North Korea has lifted its travel restrictions into the country, which were implemented to keep the Ebola virus out. The ban implemented last October halted the approval of all non-essential visas, and those allowed in, including diplomats, had to undergo three weeks of quarantine before being allowed to step foot on North Korean soil.

"We have been informed by Air Koryo that North Korea's borders are now open for travel and the four-month long Ebola travel ban was lifted as of Monday," Uri Tours, a tour company that takes tourists into North Korea, told Associated Press, adding that it was informed by the country’s national carrier.

The hermit kingdom faces no real threat from the Ebola virus as it has very little exchange with African countries most impacted by the epidemic, though North Korean media has suggested that Ebola was created by the U.S. military as a biological weapon. As the travel ban is lifted, travelers from Ebola-hit countries such as Guinea, Liberia and Sierra Leone would still need to undergo the three-week quarantine, while tourists from other countries would be able to enter with routine medical checks, according to AP.

"The National Tourism Administration in Pyongyang contacted us this morning with news that there is some movement in the current travel ban and that we should expect confirmation later today with details of the country's plan for reopening the border," said Beijing-based North Korea travel specialist Koryo Tours in a statement Monday, according to Korean news agency Yonhap. Koryo Tours added that the North Korean borders were set to “reopen for tourism.”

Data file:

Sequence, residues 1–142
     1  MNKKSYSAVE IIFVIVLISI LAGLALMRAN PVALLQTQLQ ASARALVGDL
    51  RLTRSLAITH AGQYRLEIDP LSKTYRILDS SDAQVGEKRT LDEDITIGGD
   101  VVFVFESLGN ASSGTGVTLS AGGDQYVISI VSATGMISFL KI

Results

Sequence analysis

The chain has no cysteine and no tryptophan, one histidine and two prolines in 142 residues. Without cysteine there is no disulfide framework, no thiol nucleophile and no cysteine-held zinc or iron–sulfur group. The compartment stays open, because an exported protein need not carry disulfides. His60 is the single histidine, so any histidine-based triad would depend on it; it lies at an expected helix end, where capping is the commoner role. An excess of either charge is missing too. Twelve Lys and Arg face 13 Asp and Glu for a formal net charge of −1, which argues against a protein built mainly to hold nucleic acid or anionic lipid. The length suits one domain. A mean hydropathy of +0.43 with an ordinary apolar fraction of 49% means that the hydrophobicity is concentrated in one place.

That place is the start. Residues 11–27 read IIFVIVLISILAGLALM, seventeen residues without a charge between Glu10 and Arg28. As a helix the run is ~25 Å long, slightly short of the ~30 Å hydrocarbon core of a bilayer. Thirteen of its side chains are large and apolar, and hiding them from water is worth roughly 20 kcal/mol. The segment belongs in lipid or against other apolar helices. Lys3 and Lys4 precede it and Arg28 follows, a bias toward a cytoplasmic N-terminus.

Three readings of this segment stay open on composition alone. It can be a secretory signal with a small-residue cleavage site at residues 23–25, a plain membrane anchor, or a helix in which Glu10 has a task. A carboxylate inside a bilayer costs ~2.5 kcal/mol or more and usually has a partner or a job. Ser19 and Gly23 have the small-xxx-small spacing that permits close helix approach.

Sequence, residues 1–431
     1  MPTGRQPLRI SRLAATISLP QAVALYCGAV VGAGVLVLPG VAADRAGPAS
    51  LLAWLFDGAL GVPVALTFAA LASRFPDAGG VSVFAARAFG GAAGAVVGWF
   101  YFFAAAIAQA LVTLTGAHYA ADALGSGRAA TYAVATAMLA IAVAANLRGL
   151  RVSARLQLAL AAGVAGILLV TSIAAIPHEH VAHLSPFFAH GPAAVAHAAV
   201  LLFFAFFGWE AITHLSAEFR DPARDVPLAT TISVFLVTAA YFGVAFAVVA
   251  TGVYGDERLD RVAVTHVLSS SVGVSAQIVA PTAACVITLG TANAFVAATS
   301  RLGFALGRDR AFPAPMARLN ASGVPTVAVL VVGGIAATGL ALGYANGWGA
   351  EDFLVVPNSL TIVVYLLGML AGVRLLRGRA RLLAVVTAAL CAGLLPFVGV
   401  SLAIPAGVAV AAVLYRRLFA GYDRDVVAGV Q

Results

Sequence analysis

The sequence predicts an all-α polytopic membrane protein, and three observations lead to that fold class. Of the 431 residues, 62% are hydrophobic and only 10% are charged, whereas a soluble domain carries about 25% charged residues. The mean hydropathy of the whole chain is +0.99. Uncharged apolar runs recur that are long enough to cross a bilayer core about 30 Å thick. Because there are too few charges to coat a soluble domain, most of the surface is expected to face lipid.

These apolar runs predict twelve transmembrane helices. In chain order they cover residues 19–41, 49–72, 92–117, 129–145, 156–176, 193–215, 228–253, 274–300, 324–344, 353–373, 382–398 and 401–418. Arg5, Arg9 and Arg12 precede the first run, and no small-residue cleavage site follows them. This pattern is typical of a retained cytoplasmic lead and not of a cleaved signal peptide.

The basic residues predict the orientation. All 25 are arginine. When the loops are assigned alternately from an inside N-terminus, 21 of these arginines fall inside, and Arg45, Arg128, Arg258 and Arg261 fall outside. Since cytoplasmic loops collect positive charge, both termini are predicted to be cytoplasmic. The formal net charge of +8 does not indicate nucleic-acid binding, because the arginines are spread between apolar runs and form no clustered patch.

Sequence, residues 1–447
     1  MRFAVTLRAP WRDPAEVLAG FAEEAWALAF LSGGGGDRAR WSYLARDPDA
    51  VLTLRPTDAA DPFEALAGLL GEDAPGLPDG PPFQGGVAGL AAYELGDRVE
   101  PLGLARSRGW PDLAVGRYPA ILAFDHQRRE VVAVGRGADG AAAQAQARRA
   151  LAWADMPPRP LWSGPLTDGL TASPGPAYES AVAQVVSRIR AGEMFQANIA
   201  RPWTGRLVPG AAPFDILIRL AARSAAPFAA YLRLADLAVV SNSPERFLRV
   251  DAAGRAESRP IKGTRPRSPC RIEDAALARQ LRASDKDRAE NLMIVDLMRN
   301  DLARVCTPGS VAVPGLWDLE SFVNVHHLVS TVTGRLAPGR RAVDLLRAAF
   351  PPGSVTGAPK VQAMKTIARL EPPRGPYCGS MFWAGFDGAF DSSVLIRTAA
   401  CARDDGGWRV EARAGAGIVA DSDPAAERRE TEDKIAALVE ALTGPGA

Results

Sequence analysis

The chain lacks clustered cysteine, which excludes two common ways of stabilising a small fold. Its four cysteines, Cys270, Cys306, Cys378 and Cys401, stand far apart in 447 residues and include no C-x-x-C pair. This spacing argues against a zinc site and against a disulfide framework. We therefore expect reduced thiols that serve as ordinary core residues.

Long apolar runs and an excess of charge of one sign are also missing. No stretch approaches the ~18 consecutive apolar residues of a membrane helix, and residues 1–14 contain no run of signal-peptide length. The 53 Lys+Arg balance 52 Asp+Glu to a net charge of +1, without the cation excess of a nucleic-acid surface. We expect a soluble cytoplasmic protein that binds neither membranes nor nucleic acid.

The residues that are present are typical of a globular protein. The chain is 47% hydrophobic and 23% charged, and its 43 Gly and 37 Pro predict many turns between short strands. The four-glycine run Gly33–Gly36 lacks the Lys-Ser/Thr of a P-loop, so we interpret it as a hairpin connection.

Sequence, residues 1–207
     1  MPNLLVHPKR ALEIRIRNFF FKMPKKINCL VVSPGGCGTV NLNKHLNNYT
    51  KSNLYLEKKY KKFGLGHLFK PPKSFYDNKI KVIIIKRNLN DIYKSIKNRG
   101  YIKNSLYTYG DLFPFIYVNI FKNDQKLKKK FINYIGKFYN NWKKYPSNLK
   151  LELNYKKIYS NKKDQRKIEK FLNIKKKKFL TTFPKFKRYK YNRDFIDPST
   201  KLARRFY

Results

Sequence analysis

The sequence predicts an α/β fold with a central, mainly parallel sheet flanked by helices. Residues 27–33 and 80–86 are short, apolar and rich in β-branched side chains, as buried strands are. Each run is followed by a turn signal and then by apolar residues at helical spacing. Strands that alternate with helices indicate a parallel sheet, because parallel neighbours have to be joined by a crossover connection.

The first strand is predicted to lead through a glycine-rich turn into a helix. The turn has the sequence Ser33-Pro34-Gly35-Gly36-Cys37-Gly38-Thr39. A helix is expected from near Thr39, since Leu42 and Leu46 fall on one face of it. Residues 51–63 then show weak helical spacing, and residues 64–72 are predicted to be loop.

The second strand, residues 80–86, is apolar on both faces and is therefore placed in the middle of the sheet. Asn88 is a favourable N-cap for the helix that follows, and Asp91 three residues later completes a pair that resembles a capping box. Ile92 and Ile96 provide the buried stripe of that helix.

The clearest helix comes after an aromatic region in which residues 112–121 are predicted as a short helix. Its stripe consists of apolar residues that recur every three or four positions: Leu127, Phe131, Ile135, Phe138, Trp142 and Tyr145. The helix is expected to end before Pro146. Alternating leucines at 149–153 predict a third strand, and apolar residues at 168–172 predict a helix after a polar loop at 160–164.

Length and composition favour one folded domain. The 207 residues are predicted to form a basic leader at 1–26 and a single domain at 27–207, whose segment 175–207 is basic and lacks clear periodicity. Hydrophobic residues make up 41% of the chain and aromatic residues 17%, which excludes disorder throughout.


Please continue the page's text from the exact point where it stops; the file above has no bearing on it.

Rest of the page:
Pyongyang announced last Monday that it would bar foreigners from participating in the annual Pyongyang marathon, one of its most popular tourist events, over Ebola concerns. The race, which takes place on April 12, usually drew a crowd wishing to catch a glimpse into the isolated nation. Nick Bonner, co-founder of Koryo Tours, said that 400 foreign runners had signed up with his agency for the race, according to AP. Some 200 foreigners took part in the marathon last year.

North Korea’s lifting of the travel restrictions comes too late as the hundreds of runners from abroad had already canceled their travel plans into the country. Uri Tours told the AP they were waiting to see what the lifting of the travel ban would mean for the marathon. North Korea had been trying to boost tourism over the past few years, opening its first luxury ski resort last year in hopes of attracting foreign currency into the country.